skepticism about local ecological knowledge has
sometimes been raised in formal scientific commu-
nities (Pierotti and Wildcat 2000) and our results
support this point. Nowadays, the fruits of the species
are reported to be only little exploited by adults who
were involved in this study in both districts (Gouwa-
kinnou, personal communication). If the fruits were
matter of high exploitation, then this would have been
a factor of frequent presence of people around female
trees for fruit collection and would certainly contrib-
ute to dispelling of the misuse of back criteria.
The importance of local communities’ knowledge
in many other aspects of sustainable forestry is
nowadays acknowledged, and the general trend is to
integrate this kind of knowledge in the formal forest
and natural resources management actions (Berkes
et al. 2000, Gaoue
and Ticktin 2009). The foundation
is that people have managed forest for decades by a
way that seems sustainable, and this knowledge has
been transmitted from generation to generation
(Gadjil et al. 1993). Although their usefulness is
acknowledged, this study suggests, in accordance
with Huntington et al. (2004), that there is a need to
carefully compare specific observations from local
communities with those from formal science when-
ever possible because local perceptions could also
lead to unsound forest management on some aspects
(Gilchrist et al. 2005).
Sex ratio
Our results showed that the global sex ratio did not
deviate significantly from 0.5, although there was
evidence of male or female bias in some subpopu-
lations mainly in TD. Many other studies involving
tropical or neo-tropical dioecious species have
reached similar conclusions (Morellato 2004). The
sex ratio of 0.5 found in S. birrea population was
theoretically shown by Fisher (1930) to be a stable
strategy. in a population of diploid organisms, where
each individual has exactly one father and one
mother. However, other authors have reported a
male-biased sex ratio significantly different from 0.5
in other dioecious plants (Queenborough et al. 2007;
Thomas and LaFrankie 1993; Yamashita and Abe
2002) and have concluded that this trend is common
within dioecious species. This assumption is sup-
ported on one hand by the fact that male investment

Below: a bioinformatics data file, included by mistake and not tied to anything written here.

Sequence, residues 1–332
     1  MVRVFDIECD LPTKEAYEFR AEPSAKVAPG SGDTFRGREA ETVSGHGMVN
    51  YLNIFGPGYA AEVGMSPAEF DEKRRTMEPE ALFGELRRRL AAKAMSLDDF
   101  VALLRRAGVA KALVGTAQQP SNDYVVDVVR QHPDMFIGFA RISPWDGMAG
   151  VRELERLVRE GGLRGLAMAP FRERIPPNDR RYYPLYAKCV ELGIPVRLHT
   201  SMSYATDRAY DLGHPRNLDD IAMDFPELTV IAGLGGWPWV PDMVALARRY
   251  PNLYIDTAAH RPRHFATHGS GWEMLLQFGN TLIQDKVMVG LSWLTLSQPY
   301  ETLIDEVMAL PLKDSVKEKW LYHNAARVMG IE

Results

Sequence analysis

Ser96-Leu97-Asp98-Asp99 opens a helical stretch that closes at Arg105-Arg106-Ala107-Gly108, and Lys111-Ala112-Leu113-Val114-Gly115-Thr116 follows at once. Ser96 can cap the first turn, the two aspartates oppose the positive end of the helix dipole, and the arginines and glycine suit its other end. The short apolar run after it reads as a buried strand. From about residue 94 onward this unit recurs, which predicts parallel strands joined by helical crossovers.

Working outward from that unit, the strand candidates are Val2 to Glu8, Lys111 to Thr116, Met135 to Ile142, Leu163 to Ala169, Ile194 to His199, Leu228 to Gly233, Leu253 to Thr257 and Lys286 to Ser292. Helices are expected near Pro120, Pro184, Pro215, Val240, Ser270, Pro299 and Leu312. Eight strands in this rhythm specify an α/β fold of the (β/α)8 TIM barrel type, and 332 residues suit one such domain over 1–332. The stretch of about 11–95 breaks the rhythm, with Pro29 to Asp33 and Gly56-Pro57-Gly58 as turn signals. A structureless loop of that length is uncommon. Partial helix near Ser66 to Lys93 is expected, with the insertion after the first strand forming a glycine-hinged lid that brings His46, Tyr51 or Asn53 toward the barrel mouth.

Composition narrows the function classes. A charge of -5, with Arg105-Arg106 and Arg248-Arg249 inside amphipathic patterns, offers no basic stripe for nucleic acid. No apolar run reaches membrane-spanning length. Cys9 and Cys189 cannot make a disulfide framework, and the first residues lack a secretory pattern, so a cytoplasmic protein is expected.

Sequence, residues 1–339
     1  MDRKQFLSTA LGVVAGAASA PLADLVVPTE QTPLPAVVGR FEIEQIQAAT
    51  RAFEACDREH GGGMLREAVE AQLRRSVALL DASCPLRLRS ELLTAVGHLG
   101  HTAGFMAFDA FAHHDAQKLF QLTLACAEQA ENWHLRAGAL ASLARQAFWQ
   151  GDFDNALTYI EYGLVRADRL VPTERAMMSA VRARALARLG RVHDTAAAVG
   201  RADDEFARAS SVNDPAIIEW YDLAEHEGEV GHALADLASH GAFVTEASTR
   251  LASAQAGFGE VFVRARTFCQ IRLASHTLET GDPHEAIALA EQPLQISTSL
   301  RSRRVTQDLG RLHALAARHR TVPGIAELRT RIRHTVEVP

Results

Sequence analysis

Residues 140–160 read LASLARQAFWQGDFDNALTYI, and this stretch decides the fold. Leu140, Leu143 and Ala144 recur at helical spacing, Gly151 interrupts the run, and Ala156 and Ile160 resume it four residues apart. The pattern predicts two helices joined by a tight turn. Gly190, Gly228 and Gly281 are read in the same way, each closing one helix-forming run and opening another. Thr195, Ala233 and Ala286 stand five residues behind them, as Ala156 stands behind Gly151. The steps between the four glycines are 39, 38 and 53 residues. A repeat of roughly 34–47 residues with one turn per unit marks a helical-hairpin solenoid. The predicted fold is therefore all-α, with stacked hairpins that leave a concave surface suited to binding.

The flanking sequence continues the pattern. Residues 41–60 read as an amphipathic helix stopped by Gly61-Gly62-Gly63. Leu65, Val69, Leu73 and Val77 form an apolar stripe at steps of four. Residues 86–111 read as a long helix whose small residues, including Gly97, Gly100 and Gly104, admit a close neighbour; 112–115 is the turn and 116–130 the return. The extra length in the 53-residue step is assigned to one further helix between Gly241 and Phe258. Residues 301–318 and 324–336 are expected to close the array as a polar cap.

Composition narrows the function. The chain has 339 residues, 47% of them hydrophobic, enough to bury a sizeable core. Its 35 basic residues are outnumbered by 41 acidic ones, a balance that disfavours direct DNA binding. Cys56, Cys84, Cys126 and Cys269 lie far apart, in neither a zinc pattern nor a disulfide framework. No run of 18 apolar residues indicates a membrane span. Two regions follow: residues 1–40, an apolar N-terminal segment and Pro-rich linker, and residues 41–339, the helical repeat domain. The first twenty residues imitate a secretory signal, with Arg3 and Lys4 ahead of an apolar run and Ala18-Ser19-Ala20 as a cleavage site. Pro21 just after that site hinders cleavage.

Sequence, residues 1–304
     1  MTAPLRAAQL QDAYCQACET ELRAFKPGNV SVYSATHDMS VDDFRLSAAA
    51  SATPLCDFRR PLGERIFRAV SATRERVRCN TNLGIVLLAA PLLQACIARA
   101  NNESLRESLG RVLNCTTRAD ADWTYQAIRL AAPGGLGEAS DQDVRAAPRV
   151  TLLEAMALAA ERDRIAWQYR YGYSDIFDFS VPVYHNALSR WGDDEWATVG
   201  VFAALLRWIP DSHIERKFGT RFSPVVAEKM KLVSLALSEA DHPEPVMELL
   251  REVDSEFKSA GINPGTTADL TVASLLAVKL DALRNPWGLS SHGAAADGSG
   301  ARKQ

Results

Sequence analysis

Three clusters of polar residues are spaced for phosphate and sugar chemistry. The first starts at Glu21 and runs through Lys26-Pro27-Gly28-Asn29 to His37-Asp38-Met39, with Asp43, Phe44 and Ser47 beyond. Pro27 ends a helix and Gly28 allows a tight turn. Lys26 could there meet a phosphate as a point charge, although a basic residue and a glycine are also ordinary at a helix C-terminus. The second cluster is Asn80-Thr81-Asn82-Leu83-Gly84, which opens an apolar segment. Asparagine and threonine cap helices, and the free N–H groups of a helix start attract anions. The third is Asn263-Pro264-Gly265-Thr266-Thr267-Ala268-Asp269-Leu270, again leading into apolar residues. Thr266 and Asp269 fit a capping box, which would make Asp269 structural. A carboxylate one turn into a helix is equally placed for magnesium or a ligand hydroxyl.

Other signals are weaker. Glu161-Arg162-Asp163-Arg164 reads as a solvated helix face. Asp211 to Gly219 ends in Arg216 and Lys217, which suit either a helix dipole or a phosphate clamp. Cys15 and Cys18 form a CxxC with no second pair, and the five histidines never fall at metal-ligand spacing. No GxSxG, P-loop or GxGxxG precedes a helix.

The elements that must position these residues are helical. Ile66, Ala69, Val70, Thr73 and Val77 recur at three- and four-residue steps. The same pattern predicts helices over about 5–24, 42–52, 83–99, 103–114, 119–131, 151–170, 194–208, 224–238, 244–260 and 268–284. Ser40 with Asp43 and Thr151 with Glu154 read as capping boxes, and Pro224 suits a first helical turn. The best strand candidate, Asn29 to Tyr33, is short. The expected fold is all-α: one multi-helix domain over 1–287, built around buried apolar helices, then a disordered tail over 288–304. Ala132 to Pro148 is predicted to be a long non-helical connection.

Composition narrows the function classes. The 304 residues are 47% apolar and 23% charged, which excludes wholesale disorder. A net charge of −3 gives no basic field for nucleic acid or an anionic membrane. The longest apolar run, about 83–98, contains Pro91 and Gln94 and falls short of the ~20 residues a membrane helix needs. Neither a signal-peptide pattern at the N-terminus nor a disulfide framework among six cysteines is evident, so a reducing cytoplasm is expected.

ends at flowering while females continue investment
in fruit and seed production, which may weaken the
female plants and inhibit future growth and repro-
duction. On the other hand, males having more
resources for vegetative growth gain a competitive
advantage which may lead to male-biased sex ratio
(Korpelainen 1994; review in Obeso et al. 1998).
Female-biased adult sex-ratio is rare in the liter-
ature even though classic sex allocation theory
predicts a female-biased seed sex ratio with sib-
mating (Klinkhamer and de Jong 2002). However,
some cases on this aspect have been reported
(Melamphy and Howe 1977; Morellato 2004; Opel
and Bawa 1978). Among the mechanisms that can
lead to female-biased sex ratio are sexually differen-
tial mortality, agamospermy, and vegetative repro-
duction. Selective tree removal (Maranz and
2003) which is one of the most important
causes of changes in agroforestry systems of African
drylands is likely to influence adult sex ratio and has
been reported to induce female-biased sex ratio in
dioecious species (Nghitoolwa et al. 2003; Verdu
a-Fayos 1998). The more useful is a given tree
species, the higher is the selection within individuals
of its population. This is the case of shea butter tree
(Vitellaria paradoxa) (Djossa et al. 2008; Maranz and
Wiesman 2003) although the issue of sex does not
arise with this species. This type of selection is likely
one of the main causes of biased sex ratio that we
found in sub-populations of the species in agrofor-
estry systems.
The species S. birrea is known to be dioecious,
and the most-studied subspecies (S. birrea subsp.
caffra) in southern and central Africa has largely
Agroforest Syst (2011) 82:25–35 31